Philips Respironics Trilogy Evo Ventilator Recall Identified as Class I

The recall, which was initiated by the company in March, pertains to a software issue that can cause a possible power malfunction in certain situations.

Katie Hobbins, Managing Editor

May 13, 2024

3 Min Read
Trilogy Evo Ventilators
Image courtesy of Philips

FDA today identified Philips Respironics Trilogy Evo continuous ventilator recall as Class I, over a month after the company initiated the voluntary correction in March.

The ventilators affected by the recall — Trilogy EV300, Trilogy Evo O2, and Trilogy Evo Universal — use a microprocessor-controlled blower to provide pressure support, pressure control, or volume control during breathing support. The recall of the devices comes as a result of the company’s “post market surveillance activities, and subsequent root cause analysis,” due to Philips “intensified… efforts to strengthen patient safety and quality across the company,” according to a statement from Elco van Groningen, Philips global external relations director, sent to MD+DI when the recall was initiated. The recall is considered a correction, not a product removal.

Notifying customers on March 19 through an Urgent Medical Device Correction Notice, Philips urged users to update the ventilators to the latest software version ( due to a possible power malfunction that can cause the device to issue a “battery depleted” or “loss of power” alarm “while sufficient power is still available, resulting in a sudden loss of ventilation while the device alarms,” according to the FDA filing. “All Trilogy Evo ventilators… are susceptible to this problem except those ventilators with the software version installed.”

The loss of power alarm will stop therapy while operating on battery power alone. A battery depleted alarm, however, will continue therapy if plugged into a permanent power source like AC or DC power. The issue has been reported to happen when the ventilators have software other than version installed, are operating in CPAP or PSV mode, and are not able to detect the respiratory effort of the patient for over 10 minutes. Currently, there have been no reports of serious injury or death related to the recall. Of note, if operating the device in modes other than CPAP or PSV, no additional mitigations are required.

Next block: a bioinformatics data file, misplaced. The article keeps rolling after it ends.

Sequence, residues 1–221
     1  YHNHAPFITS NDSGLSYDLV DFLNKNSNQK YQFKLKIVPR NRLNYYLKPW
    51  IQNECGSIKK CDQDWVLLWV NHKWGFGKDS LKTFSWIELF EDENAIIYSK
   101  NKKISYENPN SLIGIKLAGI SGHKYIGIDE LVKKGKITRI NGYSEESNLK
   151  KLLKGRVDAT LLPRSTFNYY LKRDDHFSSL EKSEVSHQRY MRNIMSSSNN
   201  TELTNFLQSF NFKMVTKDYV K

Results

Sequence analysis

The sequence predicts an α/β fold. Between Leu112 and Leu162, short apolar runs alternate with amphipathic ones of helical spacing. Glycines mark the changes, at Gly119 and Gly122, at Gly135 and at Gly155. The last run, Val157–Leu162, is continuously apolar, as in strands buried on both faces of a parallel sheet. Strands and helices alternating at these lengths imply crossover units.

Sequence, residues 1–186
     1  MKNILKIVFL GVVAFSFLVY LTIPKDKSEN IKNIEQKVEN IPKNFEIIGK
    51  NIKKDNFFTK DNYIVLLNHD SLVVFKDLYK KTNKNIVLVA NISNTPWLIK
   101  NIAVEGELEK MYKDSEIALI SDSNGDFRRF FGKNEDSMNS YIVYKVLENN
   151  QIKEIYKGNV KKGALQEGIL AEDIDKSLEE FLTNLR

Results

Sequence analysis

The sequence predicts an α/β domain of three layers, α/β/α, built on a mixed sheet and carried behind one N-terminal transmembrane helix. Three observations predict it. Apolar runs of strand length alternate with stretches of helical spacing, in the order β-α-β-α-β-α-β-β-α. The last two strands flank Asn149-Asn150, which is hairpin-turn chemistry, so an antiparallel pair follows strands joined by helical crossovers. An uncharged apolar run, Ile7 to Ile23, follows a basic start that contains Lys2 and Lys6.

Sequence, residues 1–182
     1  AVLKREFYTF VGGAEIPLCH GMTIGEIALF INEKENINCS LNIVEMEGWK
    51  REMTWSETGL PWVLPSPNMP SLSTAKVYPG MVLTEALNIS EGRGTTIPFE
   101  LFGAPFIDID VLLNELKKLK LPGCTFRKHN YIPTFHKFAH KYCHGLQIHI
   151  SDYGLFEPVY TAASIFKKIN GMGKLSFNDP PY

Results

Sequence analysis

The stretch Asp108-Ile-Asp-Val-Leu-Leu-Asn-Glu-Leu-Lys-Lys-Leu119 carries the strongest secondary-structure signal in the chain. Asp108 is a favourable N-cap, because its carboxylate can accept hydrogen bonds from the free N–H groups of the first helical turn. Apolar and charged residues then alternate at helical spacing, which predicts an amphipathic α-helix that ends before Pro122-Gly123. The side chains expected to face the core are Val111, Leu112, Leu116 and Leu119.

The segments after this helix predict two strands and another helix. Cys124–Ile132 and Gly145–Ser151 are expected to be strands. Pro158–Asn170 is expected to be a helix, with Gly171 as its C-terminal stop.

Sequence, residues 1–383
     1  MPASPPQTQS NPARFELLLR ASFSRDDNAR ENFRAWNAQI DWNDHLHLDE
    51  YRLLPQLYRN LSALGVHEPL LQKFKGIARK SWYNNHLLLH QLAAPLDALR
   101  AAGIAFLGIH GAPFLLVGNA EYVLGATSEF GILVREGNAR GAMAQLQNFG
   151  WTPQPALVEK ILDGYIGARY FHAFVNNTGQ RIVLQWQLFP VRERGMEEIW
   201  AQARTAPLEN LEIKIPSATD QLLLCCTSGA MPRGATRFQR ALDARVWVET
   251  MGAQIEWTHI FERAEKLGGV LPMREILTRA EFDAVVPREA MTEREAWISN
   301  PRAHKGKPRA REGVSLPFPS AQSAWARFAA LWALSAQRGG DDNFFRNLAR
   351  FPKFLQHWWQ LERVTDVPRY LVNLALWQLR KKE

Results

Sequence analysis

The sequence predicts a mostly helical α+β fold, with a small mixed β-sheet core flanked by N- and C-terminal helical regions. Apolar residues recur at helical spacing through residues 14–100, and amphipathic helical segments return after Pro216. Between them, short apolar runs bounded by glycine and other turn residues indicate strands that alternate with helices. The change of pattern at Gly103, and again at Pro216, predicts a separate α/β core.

“In March 2024, Philips Respironics notified customers of the Trilogy Evo ventilator product family that due to a potential malfunction of the software algorithm that calculates the remaining battery life, under specific circumstances these ventilators can issue a Battery Depleted alarm or Loss of Power alarm while sufficient power is still available,” Steve Klink, head of global external relations at Philips, said in a statement sent to MD+DI. “This issue only occurs when the device is operating on firmware other than, is in CPAP or PSV mode, and the device is not able to detect the respiratory effort of the patient for at least 10 min and 55 seconds.”

The updated software is available for download and has been since the March notification. Customers can download the latest software version for free on MyP4P.

If not updated, ventilator users should implement the following safety measures, according to the company:

  • Make sure the backup ventilation is set to “on” and the apnea interval setting is correct based on clinical assessment of the patient. Doing this will minimize chances that patients using CPAP or PSV will have a loss of power malfunction.

  • Keep the device plugged into AC or DC power for as long as possible.

  • Keep an alternative form of ventilation on standby. If the device needs to be unplugged for transport, plug it back in as soon as it arrives at the new destination.

  • Do not leave a patient unsupervised while the ventilator is operating only on battery power.

  • Follow typical monitoring protocols for ventilated patients.

Outside the United States, the recall has been identified as Class II by the Australian TGA and Health Cananda.  

About the Author(s)

Katie Hobbins

Managing Editor, MD+DI

Katie Hobbins is managing editor for MD+DI and joined the team in July 2022. She boasts multiple previous editorial roles in print and multimedia medical journalism, including dermatology, medical aesthetics, and pediatric medicine. She graduated from Cleveland State University in 2018 with a bachelor's degree in journalism and promotional communications. She enjoys yoga, hand embroidery, and anything DIY. You can reach her at [email protected].

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